April 18, 2013

No apology necessary.

Something magical happened at a hockey game in Boston last night.

The telecast of the Bruins game began with a moment of silence for the victims of the Boston bombings. Rene Rancourt then began to sing the American National Anthem but lowered the microphone after about 2 lines as the intensity of the crowd took over. He took a step back and let the entire arena full of indignant, angry, and fiercely proud Americans, reeling from yet another senseless tragedy, carry the tune in perfect unison, hitting all the high notes and finishing off with a boisterous chant of, "U.S.A.! U.S.A.!"

It was the best national anthem I've ever heard.



Before the coverage turned to the game, the camera focused on a little girl - no more than 7 years old - pumping her fist in the air, chanting for America with all her heart.

We've had more than our fair share of national tragedies, each one unique in its pain. But this time around, my mind can't help but wander back to the morning of September 11. The images of strangers carrying each other down debris-strewn streets. Firefighters and EMTs embracing each other. The audio clips of terrified shrieks as plumes of smoke fill the air.

That fear and electricity in the air of everyone wondering at the same time, "What's going to happen next?"

I was 16 years old, in American history class that morning. We watched the plane hit the 2nd tower on live television. I ran into the hall with my cell phone and called each of my parents, asked if our relatives in New York were okay. I stayed glued to CNN for the next few years. I registered to vote the day I turned 18, visited Ground Zero multiple times, moved to Hempstead, New York for college and began journalism studies. I became obsessed with & completely consumed by the media coverage.

I was changed, we were all changed. Growing up American you're raised with the mantra that everyone loves us, wants to be us. That we're the most powerful, most influential nation in the world, and no one begrudges us that. It isn't snobbery, it's confidence. We're not better than anyone else, we're simply the lucky ones. The land of the free and the home of the brave. We held these truths to be self-evident.

Then September 11 told us otherwise - that perhaps we were more in love with ourselves than the world was with us. 'Death to America' became a commonplace phrase on many foreign news outlets.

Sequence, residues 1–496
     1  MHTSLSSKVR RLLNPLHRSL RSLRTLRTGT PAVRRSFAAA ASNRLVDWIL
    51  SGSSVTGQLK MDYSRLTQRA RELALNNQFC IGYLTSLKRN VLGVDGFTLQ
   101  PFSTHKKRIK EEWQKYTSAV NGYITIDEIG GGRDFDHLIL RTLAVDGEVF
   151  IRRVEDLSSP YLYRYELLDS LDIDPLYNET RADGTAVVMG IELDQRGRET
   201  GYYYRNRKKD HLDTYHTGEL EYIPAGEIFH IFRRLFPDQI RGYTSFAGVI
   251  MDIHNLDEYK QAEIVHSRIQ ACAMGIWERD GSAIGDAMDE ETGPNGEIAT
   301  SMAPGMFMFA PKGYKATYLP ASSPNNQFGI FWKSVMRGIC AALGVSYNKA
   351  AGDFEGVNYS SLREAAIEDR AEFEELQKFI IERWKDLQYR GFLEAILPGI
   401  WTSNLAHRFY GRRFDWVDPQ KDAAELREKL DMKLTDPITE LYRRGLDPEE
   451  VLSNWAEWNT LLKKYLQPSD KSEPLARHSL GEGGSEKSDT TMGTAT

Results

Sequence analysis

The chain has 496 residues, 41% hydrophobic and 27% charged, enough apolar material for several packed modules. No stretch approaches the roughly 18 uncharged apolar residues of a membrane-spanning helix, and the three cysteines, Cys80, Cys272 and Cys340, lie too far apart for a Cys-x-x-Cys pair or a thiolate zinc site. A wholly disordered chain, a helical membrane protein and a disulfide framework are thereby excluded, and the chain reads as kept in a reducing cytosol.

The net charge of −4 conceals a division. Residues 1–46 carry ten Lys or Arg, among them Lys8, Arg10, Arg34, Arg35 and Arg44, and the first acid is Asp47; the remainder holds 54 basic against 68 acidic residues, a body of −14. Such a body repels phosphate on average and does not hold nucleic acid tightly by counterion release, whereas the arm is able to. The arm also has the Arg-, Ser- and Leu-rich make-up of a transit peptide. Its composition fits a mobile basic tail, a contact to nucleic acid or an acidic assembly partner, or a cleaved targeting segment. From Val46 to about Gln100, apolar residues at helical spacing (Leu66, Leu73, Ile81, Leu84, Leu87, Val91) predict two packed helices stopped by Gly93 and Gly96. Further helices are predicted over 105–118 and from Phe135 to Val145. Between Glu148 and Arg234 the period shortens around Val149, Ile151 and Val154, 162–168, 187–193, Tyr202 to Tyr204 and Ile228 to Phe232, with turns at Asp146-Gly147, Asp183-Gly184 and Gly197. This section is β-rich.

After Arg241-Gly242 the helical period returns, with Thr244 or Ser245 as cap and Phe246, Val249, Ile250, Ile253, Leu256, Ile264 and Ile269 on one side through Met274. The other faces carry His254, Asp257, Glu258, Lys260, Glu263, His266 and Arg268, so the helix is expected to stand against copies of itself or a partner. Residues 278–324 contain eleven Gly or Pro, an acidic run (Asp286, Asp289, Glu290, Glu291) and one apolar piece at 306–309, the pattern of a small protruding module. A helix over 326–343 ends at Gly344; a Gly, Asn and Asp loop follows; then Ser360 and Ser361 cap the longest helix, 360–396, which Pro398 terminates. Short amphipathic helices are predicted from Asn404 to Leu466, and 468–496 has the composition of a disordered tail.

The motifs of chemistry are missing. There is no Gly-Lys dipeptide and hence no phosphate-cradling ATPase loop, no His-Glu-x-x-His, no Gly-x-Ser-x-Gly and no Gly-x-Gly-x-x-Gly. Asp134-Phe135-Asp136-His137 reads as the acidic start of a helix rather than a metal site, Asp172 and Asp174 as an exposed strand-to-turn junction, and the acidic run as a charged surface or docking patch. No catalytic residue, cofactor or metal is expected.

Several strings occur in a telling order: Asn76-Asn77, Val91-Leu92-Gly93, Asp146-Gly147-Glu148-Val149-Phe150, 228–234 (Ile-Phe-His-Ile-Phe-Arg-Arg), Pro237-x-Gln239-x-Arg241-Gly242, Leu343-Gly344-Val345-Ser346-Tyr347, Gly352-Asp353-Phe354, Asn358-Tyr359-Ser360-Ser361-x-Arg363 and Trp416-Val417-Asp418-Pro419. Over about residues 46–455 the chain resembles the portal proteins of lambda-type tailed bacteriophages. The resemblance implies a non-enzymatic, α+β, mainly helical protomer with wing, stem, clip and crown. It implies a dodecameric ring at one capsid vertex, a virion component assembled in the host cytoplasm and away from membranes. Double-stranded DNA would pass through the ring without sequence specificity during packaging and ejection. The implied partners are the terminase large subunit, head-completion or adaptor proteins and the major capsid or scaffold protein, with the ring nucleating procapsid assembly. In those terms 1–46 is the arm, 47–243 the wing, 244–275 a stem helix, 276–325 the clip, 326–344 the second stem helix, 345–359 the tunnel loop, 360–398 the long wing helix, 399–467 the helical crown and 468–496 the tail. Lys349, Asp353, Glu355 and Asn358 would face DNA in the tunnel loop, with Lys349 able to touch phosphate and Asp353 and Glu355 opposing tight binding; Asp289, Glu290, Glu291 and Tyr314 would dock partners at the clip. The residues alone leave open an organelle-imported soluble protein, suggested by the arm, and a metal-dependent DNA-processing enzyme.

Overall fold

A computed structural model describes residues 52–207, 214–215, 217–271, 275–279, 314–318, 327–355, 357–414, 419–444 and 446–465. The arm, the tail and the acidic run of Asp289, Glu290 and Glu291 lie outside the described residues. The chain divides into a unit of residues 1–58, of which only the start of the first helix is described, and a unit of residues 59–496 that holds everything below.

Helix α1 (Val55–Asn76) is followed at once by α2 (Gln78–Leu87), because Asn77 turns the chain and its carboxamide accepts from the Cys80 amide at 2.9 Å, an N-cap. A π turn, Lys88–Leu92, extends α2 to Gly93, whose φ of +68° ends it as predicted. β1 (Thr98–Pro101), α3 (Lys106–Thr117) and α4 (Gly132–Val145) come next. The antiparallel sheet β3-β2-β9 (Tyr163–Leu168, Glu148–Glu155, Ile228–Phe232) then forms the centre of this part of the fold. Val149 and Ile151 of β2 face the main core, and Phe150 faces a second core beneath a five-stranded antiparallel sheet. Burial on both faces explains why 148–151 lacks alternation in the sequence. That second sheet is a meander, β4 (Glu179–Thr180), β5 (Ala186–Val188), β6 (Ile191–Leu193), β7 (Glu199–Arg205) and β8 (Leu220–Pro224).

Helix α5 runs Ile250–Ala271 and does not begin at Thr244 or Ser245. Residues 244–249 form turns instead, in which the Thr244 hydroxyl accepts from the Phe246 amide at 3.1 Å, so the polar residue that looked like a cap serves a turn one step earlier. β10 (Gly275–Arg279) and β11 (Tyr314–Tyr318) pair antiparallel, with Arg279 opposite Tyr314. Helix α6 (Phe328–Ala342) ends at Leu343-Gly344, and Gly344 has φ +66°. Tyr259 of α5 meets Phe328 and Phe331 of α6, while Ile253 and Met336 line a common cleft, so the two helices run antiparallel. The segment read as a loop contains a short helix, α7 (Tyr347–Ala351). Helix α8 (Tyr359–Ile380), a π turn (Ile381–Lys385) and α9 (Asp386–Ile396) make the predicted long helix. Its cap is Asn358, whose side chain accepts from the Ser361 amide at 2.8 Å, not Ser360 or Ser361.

Suddenly we owed the world an apology for who we were.

Well, I call bullshit on that.

We're called the United States of America - 50 unique states with our own respective governments, racial and religious demographics, and agendas, yet at the end of the day we all pledge allegiance to the same flag with our hands over our hearts. We're often a nation divided on political, ethical and moral issues, but we're united by our need to lean on each other, acts of heroism in the face of danger, unwavering support of our troops, and a common love of the land.

We're a nation of dreamers, of rags-to-riches success stories, of geographical wonder and rich, dramatic history.

We're a land where children raise their pint-sized fists at hockey games and sing in their country's honor. Where they're proud to be American, no apology necessary.

4 comments:

  1. Absolutely...when the going gets tough Americans unite. No apologies for who we are! USA! USA!

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  2. Nicely put.
    It brings back very vivid memories of 9/11 and the days that followed.

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    Replies
    1. Yeah, definitely scary days but ones that really connected us all as neighbors & fellow men.

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